booksIf my first installment of tea book reviews was not enough for you, here is a second set of reviews of books that are perfect for any tea lover.

1. Liquid Jade: The Story of Tea from East to West, by Beatrice Hohenegger

In this book, author Beatrice Hohenegger describes the history of tea from its beginnings in China to its introduction in England through the East India Tea Company. This book gives an historical survey of tea’s role in the Opium Wars, Zen Buddhism, and the British Empire.  She divides the text into four parts, corresponding to tea drinking in Asia, its introduction in the West, its association with class differences (as in “high” and “low” tea), and the current conditions tea workers labor under in non-fair trade zones.  The chapters of this book cover such themes as the Chanoyu tea ceremony, Taoism, and the use of English tea to counter alcoholism.  Beatrice Hohenegger also explains how the East India Tea Company promoted globalization and shows how tea has had an unequivocal role in shaping the world.

2. Tea: A Necessary Luxury, by Julie Fromer

This book is a great read for anyone interested in learning more about the history of tea in Victorian England.  The author traces the significance of tea in Victorian England, where the activity of drinking tea applied to most social classes, from the poorest individuals to noblemen and royalty.  Readers learn how tea has been used to define so-called traditional “Englishness.”  It is both representative of English culture in its entirety, as well as specific classes.  If you enjoy a cup of Earl Grey or English Breakfast tea, you may want to consider reading this book.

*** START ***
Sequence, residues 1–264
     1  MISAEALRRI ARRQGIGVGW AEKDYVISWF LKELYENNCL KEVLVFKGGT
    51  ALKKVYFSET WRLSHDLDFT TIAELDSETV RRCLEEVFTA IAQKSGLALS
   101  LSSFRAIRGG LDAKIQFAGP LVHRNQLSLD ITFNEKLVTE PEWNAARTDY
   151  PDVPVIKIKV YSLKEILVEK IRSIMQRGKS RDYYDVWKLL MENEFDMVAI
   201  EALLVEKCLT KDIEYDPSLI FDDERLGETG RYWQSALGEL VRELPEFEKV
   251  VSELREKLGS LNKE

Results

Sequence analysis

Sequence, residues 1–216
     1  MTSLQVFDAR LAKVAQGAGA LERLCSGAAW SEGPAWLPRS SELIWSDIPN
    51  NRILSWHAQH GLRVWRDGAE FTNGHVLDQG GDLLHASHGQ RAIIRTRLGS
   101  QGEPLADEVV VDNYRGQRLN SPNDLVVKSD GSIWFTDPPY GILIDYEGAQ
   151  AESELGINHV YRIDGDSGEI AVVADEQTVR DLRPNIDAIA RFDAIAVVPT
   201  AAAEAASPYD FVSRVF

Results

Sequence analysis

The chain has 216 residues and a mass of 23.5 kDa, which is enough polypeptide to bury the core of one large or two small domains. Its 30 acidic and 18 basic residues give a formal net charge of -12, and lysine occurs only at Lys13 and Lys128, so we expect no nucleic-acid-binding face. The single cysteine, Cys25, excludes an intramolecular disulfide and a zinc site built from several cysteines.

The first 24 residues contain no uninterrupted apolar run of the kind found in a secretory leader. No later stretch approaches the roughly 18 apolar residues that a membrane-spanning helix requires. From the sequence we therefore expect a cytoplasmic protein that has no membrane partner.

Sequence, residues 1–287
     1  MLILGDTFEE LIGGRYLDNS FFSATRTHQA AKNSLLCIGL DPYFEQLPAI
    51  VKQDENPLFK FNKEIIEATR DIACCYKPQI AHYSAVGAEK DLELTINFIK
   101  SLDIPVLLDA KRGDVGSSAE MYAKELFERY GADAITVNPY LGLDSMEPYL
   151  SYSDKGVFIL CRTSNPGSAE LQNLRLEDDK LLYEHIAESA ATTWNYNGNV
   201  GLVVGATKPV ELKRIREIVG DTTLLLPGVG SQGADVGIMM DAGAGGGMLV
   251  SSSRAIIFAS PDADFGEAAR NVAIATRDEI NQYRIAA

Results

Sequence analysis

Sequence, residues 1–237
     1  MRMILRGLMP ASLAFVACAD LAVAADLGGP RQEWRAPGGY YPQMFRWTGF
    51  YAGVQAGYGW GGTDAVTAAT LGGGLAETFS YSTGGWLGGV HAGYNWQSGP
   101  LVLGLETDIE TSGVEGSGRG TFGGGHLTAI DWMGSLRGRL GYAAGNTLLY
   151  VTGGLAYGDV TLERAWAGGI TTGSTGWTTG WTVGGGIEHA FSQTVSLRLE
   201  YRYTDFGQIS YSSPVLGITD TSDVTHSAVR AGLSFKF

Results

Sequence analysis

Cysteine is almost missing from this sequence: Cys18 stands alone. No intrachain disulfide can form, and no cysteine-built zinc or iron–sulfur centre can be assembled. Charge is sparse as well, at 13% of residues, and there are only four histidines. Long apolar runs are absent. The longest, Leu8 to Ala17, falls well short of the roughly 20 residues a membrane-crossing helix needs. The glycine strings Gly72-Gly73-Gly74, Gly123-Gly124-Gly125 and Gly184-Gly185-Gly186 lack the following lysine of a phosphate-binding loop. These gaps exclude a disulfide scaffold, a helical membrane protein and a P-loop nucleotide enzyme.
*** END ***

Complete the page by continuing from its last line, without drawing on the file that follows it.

3. Watching the English, by Kate Fox

Although Watching the English addresses various English social customs in general, it also contains information specifically pertaining to the English tradition of taking tea.  According to English anthropologist Kate Fox, many English people consider tea to have the ability to combat psychological and social ills, including trauma and bereavement.  This may occur with the simple act of putting a kettle on during a conversation between two friends. While Fox writes especially of English uses of tea and does not address other traditions, she does describe tea as a powerful and magical ritual.  She also explains how people use tea as a “displacement activity,” or as a way to structure time during awkward or painful situations. This book is extremely accessible and amusing, even though an anthropologist wrote it!

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